Tuesday, February 24, 2009

Learning from outstanding executives.

The quickest way to become an old dog is to stop learning new tricks. One of the pleasures and benefits of working on large startups for the past 30-years has been an opportunity to learn from the thinking and actions of many truly outstanding executives. I'll share some of the capabilities that made them so successful this week. I think of these when evaluating the progress of our new president as he aspires to move quickly on many fronts at once in a very volatile world.

Creating a common world view:

One of the more important management skills today is the ability to differentiate between where incremental change is appropriate and where radical change is needed. To conceive of a different world is senior management’s most imaginative and important act. A world view orders reality by giving it meaning, thus allowing the development of “taken-for-granted” meaning sets. When they share a common world view, members of an executive team can move forward together quickly by taking independent but consistent actions.

Sharing values:

Values stem from people’s previous education and experience, sentiments, attitudes about themselves, the obligations they feel toward others, and their ideals and objectives. For each of us, reality is whatever our values allow us to recognize. We tend to reconfirm our values in any situation by selecting from those factors which are consistent with our values and ignoring others which conflict with them. We see only what we expect to see, and therefore reinforce the assumptions and preconceptions which we use as standards for evaluating our observations. When people see things only from their own point of view, the actions of others which are inconsistent with their values seem stupid or unexplainable to them.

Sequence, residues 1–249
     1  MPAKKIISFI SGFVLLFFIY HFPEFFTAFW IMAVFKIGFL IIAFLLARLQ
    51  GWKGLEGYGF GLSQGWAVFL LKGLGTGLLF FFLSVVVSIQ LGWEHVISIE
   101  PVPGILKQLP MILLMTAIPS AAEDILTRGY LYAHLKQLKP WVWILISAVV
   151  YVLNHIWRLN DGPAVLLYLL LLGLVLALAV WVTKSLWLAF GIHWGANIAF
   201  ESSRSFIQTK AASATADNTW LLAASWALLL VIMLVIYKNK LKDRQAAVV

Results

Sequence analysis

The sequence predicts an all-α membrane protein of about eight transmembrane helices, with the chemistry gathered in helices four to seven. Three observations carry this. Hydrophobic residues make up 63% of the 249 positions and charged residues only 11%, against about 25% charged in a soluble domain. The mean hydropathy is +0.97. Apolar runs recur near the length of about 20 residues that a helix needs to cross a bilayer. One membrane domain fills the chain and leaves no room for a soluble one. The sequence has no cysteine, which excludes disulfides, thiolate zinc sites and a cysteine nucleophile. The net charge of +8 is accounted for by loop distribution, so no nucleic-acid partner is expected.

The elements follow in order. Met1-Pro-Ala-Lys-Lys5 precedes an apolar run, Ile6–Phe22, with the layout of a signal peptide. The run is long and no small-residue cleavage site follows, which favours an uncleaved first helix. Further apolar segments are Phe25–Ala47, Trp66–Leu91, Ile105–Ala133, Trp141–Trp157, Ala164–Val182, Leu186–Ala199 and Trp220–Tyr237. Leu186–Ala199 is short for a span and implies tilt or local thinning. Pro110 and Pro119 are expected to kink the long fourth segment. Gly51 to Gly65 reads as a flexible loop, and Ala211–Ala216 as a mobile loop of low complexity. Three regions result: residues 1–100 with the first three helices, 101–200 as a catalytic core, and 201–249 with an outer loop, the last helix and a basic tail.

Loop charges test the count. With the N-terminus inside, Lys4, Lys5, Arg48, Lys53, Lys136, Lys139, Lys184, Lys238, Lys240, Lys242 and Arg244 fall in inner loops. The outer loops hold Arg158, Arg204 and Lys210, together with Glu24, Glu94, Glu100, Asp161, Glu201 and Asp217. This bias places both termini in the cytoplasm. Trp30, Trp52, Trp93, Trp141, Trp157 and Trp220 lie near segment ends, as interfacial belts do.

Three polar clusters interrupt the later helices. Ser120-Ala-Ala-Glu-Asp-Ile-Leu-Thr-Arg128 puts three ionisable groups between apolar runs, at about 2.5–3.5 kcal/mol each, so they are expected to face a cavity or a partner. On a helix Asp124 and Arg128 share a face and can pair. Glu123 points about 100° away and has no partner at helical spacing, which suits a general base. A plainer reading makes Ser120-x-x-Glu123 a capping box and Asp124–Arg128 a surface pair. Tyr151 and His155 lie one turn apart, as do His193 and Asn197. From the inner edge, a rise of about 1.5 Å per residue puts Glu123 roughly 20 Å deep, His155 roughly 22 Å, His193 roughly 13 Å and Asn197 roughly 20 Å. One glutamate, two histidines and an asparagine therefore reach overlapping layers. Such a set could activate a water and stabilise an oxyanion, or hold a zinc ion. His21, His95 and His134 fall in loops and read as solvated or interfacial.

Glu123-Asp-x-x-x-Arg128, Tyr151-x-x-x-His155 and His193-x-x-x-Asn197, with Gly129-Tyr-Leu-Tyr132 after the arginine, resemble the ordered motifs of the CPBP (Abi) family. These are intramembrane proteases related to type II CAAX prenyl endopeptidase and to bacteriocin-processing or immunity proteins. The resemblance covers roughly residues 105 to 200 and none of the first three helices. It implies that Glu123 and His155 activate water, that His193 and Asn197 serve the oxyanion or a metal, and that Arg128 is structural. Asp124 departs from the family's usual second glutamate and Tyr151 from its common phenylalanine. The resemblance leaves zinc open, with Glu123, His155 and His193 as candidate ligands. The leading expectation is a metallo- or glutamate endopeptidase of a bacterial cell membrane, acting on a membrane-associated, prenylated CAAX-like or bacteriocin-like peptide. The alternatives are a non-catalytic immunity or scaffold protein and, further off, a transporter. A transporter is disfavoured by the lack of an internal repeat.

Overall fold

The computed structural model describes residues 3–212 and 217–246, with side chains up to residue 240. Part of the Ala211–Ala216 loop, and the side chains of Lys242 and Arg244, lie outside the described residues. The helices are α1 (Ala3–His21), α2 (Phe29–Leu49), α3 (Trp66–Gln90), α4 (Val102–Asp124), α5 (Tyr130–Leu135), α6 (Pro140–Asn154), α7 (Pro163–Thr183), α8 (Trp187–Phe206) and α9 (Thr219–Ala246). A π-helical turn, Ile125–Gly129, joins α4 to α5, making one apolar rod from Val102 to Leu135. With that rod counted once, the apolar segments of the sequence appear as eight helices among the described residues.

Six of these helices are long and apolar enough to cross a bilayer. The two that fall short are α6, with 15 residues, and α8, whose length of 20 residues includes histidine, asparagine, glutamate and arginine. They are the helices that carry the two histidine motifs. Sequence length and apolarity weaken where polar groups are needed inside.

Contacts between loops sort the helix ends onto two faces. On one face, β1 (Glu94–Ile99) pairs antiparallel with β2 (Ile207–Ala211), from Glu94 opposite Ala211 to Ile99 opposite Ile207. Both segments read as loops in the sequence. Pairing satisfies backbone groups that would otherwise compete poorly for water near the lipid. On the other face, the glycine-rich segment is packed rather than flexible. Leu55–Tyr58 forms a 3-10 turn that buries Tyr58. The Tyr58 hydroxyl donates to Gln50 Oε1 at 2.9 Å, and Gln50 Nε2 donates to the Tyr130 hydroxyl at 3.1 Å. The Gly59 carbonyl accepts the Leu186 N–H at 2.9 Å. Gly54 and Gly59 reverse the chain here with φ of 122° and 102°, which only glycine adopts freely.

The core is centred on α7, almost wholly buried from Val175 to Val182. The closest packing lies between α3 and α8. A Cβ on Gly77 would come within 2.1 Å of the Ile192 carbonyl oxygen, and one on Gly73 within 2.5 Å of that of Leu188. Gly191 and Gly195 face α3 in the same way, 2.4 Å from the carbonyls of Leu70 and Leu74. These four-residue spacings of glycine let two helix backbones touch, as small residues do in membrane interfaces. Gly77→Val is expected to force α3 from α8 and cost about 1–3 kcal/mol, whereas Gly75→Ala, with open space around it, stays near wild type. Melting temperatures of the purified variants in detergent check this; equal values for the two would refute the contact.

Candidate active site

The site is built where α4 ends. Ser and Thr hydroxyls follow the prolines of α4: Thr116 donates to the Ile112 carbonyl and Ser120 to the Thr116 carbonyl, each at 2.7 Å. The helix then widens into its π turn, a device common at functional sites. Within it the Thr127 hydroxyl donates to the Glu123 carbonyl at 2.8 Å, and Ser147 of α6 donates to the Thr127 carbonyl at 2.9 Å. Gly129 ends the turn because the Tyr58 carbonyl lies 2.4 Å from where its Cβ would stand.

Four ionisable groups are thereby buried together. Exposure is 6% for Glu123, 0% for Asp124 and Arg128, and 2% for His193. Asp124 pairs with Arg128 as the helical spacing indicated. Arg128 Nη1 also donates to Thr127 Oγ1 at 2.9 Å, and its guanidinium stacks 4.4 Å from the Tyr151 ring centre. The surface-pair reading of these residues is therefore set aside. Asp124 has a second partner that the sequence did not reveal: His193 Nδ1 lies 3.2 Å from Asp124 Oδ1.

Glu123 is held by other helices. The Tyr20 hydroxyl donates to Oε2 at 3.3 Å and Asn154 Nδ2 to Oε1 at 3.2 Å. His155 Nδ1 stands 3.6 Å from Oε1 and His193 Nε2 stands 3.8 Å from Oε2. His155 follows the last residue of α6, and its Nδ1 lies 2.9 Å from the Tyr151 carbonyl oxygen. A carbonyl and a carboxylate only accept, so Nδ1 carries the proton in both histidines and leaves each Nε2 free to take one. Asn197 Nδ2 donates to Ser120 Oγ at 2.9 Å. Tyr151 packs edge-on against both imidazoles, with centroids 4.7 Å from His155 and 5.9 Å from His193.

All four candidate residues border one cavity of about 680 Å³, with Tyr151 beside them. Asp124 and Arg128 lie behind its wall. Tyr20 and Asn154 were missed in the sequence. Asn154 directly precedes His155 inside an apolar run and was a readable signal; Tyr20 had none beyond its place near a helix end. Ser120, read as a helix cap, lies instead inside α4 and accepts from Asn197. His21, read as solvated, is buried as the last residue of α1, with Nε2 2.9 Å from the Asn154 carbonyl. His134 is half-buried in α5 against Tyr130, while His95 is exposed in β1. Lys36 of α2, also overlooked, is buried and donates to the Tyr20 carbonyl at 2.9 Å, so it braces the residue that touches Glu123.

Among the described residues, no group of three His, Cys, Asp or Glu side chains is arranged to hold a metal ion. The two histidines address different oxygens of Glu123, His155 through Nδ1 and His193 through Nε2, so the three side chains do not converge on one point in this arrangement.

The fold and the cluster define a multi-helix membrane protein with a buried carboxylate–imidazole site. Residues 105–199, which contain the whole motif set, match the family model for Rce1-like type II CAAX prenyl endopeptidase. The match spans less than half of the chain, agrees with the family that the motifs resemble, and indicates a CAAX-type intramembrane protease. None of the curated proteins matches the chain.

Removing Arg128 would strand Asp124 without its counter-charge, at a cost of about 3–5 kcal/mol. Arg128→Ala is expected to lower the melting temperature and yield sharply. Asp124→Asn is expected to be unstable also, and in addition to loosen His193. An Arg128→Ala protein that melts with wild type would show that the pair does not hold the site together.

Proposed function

Appreciating new metaphors:

A ruling metaphor is used to describe and organize fundamental relationships. When something is new, people wonder how it’s going to fit into the old. They’re bogged down in the metaphors of the past and can’t understand something new that’s outside their current experience. They don’t know how to integrate new messages into familiar patterns of thinking and behavior. We transpose knowledge from one situation to another by means of metaphors and thus build on what we already know or what's already known by others. In an increasingly digital world, we need to move our metaphors from mechanical to biological images.

Being reflective:

Reflective means open, able to take in views and opinions other than our own. Dan Keily, one of America’s premier landscape architects, says that keeping an open mind is what keeps him in business. “On a lot of projects, something doesn’t come out right, either through your own fault or somebody else’s. But often the corrective measures turn out to be better than the original plan. It’s all part of the process of growth, which is what nature is all about. The design gets better the more open and accepting you are because then it’s not static. It’s coming out of life in action. La Corbusier said that creativity is a patient search. I think it’s also a joyful discovery.” The faster the rate of change, the more reflective we must be.

Tomorrow - learning by analogy, staying focused, providing active leadership, cultivating broad interests and capabilities.

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